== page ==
Dustin Hoffman Quotes
Dustin Lee Hoffman (born August 8, 1937) is an American actor and a director, with a career in film, television, and theatre since 1960. Hoffman has been known for his versatile portrayals of antiheroes and vulnerable characters. He won the Academy Award for Best Actor in 1980 for Kramer vs. Kramer, and in 1989 for Rain Man.
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I did some writing and bought a book, and have been working on that as a film to act and direct in.
Stories? We all spend our lives telling them, about this, about that, about people â?¦ But some? Some stories are so good we wish theyâ??d never end. Theyâ??re so gripping that weâ??ll go without sleep just to see a little bit more. Some stories bring us laughter and sometimes they bring us tears â?¦ but isnâ??t that what a great story does? Makes you feel? Stories that are so powerful â?¦ they really are with us forever.
There's nothing that I love more than predawn. I'm with the dogs, I make coffee, and there's no one up.
I think right now television is the best that itâ??s ever been, and I think that itâ??s the worst that film has ever been.
Well first of all, it's hard to shoot a movie and break for a long time and then come back and do, in a sense, one of the biggest scenes that each character had.
Someone once said to me, 'Some of us choose to live with a lifeboat just a little bit out of our reach.' I'd like to reach a point where I no longer bullshit myself. I think that's the natural human condition - to lie to yourself. Because the truth is painful.
I think we all felt it on this movie - crew and cast. You never know when you're making a movie... no one is saying in the middle of Casablanca that this is going to be a classic. The lead actors had turned it down and I think they wound up with B-list actors at the time.
I came in on this movie after there had been a director and I came in after Tom Courtenay had talked to Ron Harwood about making a movie. So, you know Tom and Albert Finney had been friends since the beginning of their career as they became stars around the same time - Tom always reminds me that Albert was first with Saturday Night and Sunday Morning and then Tom with The Long Distance Runner.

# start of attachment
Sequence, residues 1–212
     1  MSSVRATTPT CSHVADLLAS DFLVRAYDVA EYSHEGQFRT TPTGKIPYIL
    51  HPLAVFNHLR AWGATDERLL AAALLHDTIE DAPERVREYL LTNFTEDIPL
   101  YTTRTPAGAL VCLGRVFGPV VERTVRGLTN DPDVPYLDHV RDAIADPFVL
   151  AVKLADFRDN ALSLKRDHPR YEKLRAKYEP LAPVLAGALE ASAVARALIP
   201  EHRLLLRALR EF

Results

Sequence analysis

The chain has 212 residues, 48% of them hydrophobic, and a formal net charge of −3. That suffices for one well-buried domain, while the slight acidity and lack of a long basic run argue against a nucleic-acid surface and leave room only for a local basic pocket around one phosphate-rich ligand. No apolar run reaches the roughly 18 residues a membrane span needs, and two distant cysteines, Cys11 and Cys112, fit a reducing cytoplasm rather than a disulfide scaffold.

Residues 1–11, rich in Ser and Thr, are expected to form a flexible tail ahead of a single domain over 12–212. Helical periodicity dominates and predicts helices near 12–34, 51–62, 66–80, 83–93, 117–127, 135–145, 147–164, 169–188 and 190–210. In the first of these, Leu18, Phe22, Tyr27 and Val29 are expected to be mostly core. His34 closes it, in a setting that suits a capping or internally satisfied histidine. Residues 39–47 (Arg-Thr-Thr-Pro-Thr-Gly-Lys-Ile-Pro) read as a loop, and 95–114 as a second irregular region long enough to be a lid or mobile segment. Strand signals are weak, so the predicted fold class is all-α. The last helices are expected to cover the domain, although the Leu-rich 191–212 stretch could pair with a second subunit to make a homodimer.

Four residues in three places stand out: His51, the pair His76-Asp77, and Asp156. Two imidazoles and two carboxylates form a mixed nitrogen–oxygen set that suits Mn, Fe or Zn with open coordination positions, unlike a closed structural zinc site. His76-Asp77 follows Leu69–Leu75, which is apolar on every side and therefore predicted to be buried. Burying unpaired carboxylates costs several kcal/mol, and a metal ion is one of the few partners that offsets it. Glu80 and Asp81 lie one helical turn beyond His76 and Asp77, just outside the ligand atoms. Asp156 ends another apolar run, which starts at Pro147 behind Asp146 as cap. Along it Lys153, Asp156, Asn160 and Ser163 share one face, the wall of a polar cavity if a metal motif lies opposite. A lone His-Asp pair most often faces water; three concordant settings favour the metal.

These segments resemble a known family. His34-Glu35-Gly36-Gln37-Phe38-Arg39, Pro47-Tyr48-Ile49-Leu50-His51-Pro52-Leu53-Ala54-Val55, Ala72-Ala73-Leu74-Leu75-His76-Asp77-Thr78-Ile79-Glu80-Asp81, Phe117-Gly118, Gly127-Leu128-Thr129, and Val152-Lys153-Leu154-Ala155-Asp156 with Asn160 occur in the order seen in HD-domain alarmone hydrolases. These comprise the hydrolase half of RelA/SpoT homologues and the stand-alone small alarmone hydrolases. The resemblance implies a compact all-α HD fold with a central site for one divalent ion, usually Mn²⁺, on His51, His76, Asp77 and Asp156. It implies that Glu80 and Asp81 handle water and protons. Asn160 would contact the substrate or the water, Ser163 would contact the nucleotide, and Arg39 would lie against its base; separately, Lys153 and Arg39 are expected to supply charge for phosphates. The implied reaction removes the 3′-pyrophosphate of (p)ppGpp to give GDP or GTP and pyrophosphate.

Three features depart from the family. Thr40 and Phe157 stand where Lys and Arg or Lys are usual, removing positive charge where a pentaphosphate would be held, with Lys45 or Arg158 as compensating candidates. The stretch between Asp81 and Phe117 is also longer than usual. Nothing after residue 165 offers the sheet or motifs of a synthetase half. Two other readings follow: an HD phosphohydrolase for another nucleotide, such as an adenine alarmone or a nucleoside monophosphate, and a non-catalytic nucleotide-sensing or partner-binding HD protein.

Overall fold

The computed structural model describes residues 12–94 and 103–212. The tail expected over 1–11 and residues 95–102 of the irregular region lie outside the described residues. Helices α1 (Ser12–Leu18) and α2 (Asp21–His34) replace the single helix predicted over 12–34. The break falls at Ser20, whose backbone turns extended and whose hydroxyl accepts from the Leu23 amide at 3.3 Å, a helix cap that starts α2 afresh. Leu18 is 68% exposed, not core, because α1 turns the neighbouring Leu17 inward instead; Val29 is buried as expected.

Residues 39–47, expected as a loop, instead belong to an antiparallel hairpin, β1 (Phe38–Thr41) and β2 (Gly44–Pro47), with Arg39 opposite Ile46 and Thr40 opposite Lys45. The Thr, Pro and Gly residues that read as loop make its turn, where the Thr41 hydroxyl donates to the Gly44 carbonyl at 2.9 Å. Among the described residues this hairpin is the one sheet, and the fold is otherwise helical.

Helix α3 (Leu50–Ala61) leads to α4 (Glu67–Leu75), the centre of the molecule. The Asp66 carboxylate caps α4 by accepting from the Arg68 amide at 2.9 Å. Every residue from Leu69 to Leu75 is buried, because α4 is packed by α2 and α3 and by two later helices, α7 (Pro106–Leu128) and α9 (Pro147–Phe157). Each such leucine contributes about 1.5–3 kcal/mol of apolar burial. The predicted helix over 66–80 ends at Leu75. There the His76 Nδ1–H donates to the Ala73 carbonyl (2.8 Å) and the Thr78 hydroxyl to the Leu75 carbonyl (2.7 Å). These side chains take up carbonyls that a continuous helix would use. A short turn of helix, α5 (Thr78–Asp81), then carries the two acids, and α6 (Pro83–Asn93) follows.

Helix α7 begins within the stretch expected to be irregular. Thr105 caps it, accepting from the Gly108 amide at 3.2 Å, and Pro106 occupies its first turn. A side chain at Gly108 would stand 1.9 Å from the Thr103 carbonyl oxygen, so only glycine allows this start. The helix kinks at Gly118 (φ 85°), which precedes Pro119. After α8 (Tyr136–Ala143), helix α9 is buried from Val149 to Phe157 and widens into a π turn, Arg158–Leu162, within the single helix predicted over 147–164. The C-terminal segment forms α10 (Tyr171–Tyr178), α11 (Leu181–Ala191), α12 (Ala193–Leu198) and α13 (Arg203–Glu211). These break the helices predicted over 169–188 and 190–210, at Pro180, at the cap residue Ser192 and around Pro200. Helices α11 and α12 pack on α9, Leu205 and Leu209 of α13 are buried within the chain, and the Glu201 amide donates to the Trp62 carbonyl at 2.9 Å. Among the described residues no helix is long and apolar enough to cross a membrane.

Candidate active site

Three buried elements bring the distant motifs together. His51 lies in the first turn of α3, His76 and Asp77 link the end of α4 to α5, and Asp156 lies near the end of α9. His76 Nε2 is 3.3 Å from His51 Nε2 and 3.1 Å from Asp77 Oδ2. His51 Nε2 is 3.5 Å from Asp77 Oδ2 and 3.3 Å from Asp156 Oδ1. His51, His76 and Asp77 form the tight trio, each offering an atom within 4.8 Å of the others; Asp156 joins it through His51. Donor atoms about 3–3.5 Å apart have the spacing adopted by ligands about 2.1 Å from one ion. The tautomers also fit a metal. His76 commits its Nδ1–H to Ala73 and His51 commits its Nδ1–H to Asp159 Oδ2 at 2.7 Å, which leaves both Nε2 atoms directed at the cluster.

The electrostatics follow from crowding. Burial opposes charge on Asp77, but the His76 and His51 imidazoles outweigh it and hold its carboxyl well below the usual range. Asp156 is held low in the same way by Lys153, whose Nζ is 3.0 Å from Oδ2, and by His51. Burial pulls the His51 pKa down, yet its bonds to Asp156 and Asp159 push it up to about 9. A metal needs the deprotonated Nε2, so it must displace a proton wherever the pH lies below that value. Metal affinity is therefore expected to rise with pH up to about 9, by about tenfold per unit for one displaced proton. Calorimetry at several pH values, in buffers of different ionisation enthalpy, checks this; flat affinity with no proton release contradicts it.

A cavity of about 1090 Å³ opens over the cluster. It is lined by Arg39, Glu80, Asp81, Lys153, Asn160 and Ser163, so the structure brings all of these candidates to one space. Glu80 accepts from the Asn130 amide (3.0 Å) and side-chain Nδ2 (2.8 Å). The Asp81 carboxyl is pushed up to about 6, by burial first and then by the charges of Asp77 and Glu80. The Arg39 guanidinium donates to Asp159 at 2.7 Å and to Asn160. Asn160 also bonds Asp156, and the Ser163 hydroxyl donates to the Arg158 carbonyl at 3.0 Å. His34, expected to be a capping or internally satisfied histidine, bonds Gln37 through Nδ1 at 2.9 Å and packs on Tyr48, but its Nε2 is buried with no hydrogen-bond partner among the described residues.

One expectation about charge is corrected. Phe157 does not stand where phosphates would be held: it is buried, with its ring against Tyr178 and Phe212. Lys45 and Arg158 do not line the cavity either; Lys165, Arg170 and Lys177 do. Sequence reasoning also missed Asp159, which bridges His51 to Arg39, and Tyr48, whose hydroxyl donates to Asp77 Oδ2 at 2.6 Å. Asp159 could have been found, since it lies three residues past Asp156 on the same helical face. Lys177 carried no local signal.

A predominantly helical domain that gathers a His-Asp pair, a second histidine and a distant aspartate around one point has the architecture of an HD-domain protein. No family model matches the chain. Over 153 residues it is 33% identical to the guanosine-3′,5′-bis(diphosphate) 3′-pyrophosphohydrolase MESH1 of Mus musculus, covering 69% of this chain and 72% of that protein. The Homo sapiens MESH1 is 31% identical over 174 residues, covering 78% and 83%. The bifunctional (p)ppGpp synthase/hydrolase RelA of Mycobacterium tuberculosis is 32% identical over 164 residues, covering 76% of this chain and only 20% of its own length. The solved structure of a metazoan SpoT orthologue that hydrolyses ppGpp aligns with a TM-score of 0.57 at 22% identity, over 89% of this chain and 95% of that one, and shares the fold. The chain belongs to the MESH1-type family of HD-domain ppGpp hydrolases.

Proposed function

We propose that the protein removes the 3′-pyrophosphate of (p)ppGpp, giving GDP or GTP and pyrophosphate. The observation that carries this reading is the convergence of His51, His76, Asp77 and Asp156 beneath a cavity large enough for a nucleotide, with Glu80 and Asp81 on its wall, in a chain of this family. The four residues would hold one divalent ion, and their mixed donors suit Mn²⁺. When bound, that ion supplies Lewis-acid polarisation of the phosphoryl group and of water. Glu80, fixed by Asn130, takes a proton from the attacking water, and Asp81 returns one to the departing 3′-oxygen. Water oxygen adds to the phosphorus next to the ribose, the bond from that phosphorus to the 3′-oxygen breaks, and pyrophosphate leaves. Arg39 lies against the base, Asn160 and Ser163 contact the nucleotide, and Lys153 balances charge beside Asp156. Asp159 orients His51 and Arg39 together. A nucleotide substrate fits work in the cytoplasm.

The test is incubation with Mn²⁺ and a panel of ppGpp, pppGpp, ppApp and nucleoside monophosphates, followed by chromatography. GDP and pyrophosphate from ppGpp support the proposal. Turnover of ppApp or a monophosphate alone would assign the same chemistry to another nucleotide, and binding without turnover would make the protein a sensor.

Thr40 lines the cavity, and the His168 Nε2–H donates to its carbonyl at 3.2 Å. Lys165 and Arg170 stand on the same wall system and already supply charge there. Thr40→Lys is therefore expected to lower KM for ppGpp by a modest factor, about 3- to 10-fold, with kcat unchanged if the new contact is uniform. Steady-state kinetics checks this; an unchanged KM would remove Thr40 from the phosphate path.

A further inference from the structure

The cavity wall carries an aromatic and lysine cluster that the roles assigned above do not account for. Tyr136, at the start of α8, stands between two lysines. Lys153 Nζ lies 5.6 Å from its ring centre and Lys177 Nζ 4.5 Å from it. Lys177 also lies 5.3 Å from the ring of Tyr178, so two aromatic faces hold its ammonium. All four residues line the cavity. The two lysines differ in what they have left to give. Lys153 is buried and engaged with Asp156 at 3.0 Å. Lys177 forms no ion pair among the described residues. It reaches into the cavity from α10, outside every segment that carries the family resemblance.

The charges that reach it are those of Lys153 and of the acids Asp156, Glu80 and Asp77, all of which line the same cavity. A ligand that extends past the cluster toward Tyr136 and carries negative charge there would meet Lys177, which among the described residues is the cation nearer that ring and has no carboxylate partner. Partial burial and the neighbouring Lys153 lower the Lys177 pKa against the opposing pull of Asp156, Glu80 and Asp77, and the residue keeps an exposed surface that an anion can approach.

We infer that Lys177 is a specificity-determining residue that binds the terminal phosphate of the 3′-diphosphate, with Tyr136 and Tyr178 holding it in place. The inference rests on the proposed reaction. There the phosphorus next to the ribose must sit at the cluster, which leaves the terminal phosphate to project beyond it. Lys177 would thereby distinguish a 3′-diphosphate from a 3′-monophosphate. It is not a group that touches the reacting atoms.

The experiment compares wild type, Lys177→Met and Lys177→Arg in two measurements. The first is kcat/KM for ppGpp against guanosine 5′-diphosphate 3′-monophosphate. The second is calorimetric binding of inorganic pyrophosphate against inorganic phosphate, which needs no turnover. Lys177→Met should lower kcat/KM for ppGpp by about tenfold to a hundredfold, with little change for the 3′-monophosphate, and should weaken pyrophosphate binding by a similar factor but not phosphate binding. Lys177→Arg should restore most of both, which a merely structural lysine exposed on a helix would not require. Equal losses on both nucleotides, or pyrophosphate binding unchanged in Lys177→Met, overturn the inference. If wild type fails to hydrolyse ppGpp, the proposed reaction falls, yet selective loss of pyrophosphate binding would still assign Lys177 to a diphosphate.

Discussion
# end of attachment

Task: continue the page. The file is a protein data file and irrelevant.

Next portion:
I knew that we had an obligation and that was to keep an energy in it and try to keep the audience interested. In fact, I asked some of the actors to take a look at His Girl Friday, a Howard Hawks film with Rosalind Russell and Cary Grant, because they talk over each other and there's a great energy.
This is not a movie about smelling the urine! It's another kind of movie." Volker SchlÃ¶ndorff got Billy Wilder to agree to these conversations - you can buy it - because Volker spoke German at times. And he said to Billy Wilder: "What is in your mind?" And he said: "If you're going to try to tell the truth to the audience, you'd better be funny or they'll kill you." And I haven't forgotten that.
So, most of it was done over the phone. But one of the first things I did as a director, because it's one of the first things you should do, even though most don't, is to ask good actors who they think is right for the part. They know better than anybody. But without missing a beat Maggie said Pauline Collins. I didn't know Pauline because I hadn't seen Shirley Valentine, but then I saw this thing that she did with Woody Allen [You Will Meet A Tall Dark Stranger], in which she was wonderful as a psychic, and I said to her on the phone: "The dialogue seemed improvised."
There were a few things that went into it. When you're doing something you're trying to be your audience at the same time, so if somebody tells me that this is a movie about retired opera singers, you think 'maybe I'll wait for it to come to DVD'. You're not rushing off to see it.